While mass shootings like the recent slayings at a Buffalo supermarket are typically followed with new calls for gun control, most voters believe that is not the answer, and an overwhelming majority say it’s impossible to stop the gun killings.
In the latest Rasmussen Reports survey, likely voters quizzed after the May 14 shooting at a Tops Friendly Markets store that left 10 black people dead followed a pattern seen over the past several years, expressing the hopelessness of stopping the killings, often at the hands of a mentally disturbed shooter.
Reports have linked the alleged Buffalo teenage shooter to white supremacy.
Asked, for example, if it was possible to “completely prevent mass shootings like the one in Buffalo,” 61% said, "No," and 24% said, "Yes," better than a 2-to-1 margin.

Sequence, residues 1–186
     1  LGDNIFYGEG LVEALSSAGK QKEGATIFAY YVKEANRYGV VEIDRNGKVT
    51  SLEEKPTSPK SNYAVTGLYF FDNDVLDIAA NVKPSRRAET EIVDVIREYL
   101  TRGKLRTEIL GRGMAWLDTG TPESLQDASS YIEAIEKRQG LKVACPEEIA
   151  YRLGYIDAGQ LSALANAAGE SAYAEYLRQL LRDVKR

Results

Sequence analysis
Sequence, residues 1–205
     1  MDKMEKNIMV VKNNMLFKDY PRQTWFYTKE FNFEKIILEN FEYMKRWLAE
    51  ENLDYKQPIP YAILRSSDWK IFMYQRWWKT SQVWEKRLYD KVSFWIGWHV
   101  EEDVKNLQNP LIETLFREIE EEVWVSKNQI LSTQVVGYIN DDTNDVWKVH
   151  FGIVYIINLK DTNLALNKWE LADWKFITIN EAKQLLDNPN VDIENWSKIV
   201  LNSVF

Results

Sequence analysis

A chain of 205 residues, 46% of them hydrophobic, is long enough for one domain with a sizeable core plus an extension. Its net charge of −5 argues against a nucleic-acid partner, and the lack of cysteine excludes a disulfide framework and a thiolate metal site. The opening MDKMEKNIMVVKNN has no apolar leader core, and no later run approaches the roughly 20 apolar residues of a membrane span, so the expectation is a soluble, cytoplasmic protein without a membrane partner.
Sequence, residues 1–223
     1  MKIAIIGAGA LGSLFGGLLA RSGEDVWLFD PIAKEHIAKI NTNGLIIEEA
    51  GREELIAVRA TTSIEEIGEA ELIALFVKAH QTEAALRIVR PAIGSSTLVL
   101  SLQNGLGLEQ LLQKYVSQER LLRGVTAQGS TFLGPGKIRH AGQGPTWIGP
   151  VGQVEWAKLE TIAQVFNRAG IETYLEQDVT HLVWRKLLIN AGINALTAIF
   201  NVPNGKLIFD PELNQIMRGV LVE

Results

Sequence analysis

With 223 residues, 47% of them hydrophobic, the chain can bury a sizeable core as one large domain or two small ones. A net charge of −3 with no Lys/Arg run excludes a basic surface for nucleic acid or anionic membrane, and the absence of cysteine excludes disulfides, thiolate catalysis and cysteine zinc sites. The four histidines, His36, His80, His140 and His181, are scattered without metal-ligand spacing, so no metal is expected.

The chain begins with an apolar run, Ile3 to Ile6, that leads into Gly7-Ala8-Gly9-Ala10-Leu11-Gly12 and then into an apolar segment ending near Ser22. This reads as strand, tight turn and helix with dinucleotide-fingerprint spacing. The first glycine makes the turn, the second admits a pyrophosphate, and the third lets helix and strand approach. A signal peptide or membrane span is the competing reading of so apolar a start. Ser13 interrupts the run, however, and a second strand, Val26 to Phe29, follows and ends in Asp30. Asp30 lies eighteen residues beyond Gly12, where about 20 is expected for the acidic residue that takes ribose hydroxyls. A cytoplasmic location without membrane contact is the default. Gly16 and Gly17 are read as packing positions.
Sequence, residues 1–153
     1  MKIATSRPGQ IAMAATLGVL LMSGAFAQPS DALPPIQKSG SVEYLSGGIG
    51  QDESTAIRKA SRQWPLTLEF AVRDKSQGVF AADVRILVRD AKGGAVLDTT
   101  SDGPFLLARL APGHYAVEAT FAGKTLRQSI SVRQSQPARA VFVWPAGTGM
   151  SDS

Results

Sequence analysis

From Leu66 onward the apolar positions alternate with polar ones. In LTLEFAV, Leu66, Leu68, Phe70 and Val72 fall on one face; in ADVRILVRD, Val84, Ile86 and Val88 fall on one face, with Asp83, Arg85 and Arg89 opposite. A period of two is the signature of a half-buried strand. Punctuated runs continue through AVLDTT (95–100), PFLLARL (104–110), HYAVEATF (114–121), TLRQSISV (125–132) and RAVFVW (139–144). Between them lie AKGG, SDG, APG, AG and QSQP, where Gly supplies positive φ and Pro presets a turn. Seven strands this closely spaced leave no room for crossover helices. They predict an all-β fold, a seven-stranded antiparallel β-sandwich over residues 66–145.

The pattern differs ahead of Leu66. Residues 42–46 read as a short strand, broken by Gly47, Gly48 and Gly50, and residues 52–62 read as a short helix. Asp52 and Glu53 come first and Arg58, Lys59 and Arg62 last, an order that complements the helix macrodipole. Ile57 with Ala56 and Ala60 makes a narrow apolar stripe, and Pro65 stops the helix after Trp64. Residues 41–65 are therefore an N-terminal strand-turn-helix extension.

The margin tightened when asked if more undefined “gun control” could have prevented the shooting. But by a 50%-40% margin, voters said stricter gun restrictions would not have stopped the shooting.
“In the aftermath of a teenage gunman’s deadly spree in Buffalo, most voters remain unconvinced that more gun control laws can prevent such mass shootings,” said the survey analysis.
Democrats, women, and black people have a greater confidence that gun control would help, said Rasmussen. But Republicans are overwhelmingly negative.
President Joe Biden has repeatedly called for sweeping gun control and even gun bans but taken no action, even though his party controls the House and Senate. The issue is typically a key election issue, and this year, Biden is struggling to move his agenda through Congress.